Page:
In my own experience I have never had visual appearances, and most religious people I have spoken to about their claims to have experienced the presence of God/Jesus/Allah/whatever don’t report outright visual appearances or being literally spoken to. Instead they report being overcome with some powerful sense of presence, wonder, love, awe, happiness and so on. And they are convinced it’s God/Jesus/Allah/whatever. They can rarely articulate why they think it is, or how they know it.

How is the experience of those who experience stuff through drugs or because of a neurological problem relevant to the vast majority who are normal human beings?

They report the same types of “religious experiences” that people who claim to have “experienced God/Jesus/Mohammed/etc.” do.

This is just handwaving used to discount the vast amount of witness for the supernatural.

No, your response is handwaving to discount evidence that it isn’t actually a witnessing of the supernatural.

Also, what is a witnessing of the supernatural, specifically? Visual experiences, do they actually see physical Jesus in front of them, is that what’ you’re saying? Does God audibly speak to them, do they hear voices?

Almost every person I have ever spoken to have said no, they don’t have visual or audible experiences, rather they feel a presence and a strong sense of awe, wonder, love, happiness, and connection. And then they call it Jesus/The Holy Spirit/God/Allah/Muhammed/Zeus/Thor/Vishnu/a million other things.

Or they some times see a deep connection in things, or interpret certain everyday life experiences as having been orchestrated and planned by God so as to communicate with them. They are driving home in their car and they’re maybe in a bad mood, thinking about whether to go ahead with some action but have a hard time deciding, and they could even be thinking something like “should I do it, God?” but it’s bad weather on a grey boring day, but then a hole in the clouds appear and a beautiful ray of light appears and they interpret this to mean God says yes. In this way religious people interpret their everyday lives through a God-lens and God is “real” to them because they feel like he answers questions and guides their lives with these kinds of “hints”. So they convince themselves they’re really communicating with God.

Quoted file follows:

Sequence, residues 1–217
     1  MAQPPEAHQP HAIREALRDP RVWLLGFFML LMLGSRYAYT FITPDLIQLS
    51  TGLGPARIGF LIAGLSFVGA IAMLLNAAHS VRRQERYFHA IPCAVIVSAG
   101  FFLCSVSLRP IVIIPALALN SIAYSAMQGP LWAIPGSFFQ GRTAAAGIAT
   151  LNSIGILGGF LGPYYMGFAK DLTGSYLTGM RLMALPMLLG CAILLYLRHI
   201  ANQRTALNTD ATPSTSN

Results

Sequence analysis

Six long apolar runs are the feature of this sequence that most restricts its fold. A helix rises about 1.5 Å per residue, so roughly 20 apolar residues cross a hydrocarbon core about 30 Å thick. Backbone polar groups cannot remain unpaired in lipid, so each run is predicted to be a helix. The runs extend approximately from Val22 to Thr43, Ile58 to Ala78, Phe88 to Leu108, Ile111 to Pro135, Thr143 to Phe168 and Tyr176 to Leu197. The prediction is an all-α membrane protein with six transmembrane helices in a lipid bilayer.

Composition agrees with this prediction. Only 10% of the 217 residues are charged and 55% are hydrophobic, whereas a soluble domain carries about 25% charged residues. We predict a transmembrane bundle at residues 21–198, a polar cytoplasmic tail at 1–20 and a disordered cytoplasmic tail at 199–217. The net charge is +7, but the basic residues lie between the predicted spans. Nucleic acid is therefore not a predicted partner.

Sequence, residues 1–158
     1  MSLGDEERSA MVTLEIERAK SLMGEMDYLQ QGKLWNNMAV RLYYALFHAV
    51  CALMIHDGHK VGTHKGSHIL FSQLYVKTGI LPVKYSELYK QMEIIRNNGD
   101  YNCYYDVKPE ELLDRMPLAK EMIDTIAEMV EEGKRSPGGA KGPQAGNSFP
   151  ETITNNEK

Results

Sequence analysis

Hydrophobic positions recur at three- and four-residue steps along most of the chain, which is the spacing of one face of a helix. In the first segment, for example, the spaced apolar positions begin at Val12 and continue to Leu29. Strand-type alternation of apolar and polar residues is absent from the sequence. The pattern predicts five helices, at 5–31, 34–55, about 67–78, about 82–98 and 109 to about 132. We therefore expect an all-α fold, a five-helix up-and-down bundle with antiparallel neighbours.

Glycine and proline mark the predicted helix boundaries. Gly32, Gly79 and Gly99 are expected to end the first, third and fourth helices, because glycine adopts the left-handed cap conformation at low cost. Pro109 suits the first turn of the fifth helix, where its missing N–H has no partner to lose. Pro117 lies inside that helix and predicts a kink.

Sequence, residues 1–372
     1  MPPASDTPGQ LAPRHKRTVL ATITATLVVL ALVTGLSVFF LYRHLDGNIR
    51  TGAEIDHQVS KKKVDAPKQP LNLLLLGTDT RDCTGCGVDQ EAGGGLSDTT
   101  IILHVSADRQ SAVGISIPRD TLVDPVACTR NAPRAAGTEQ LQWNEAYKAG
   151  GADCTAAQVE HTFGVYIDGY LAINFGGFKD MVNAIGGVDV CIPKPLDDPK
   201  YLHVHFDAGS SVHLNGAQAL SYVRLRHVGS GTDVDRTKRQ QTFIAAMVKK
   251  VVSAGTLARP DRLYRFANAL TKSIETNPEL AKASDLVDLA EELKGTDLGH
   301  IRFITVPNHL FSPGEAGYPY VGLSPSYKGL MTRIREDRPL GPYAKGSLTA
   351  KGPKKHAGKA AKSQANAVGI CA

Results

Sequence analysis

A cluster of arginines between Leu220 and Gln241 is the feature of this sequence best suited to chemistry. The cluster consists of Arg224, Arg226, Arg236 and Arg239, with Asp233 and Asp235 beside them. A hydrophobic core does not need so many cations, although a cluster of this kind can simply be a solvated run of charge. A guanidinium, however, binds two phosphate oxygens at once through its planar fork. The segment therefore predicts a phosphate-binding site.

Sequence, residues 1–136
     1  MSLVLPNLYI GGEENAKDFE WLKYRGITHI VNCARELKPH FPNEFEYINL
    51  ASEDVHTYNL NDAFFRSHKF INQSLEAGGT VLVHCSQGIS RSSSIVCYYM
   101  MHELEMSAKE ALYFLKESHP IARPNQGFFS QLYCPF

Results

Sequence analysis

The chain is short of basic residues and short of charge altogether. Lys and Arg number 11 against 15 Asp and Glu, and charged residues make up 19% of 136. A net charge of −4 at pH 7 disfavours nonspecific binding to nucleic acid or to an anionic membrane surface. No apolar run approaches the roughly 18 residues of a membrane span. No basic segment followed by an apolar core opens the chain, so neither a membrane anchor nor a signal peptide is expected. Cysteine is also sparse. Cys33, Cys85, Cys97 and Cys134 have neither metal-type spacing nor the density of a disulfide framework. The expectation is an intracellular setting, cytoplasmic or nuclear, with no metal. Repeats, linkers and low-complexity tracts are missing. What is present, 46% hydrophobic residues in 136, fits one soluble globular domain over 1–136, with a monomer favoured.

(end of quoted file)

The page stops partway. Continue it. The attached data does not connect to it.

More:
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If God performed a miracle like the part of the Red Sea today it would immediately be known beyond a doubt to everyone on the planet, thru electronic media.

How odd that, now that this is possible, God no longer performs such miracles. Why did he get so shy all of a sudden.

There is far, far more witness evidence for the existence of Bigfoot or for alien abductions than there is for the “supernatural.” Do you consider those things to be facts as well?

It’s called “science.” Ever heard of it?

No really. Drugs are not a causal linkage for most people who have religious experiences… Thats a fact.

This need not be true. There are several instances of people accepting christianity in India, china, the middle east etc which is in direct contradiction to cultural and religious upbringing.

Not in most of the cases… some people do report visions or very strong dreams. End of the day, you are connecting religious experience with the visions seen when a person has epileptic seizures, hence my question about hallucinations.

I am not sure you are even looking at data here. While drugs can cause ecstasy, they also cause extremely negative experiences in many cases.
But end of the day, there is no causal link. Most people who have religious feelings do not have a history of drug abuse.

Your claims are not even logical.

Due to the high rate and unpredictable nature of spontaneous resolution of DDH and the absence of comparative studies of intervention vs. no intervention, the effectiveness of interventions is not known.

Glad for your son. Not a miracle.

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Yes. But, like i have already mentioned to @John_Harshman; these kind of events are rare in the biblical narrative. There is no reason for a christian to expect God to split the red sea every other day or month.

I am not sure about big foot.
As to alien abductions… well, recently, the US government itself has released videos of something it claims is an “UFO”…
I don’t believe Aliens abduct people, but i don’t write such experiences off as hallucinations either.

Your missing the point. The studies demonstrate that these so-called “supernatural religious experiences” can be replicated thru non-supernatural chemical processes. This means that the spontaneouls occurence of such events is almost certainly also due to such chemical processes, and not to any supernatural interventions.

Similarly, if I increase your heart rate by giving you a shot of adrenaline, it does not mean that when your heart rate increases without the shot this is a supernatural miracle.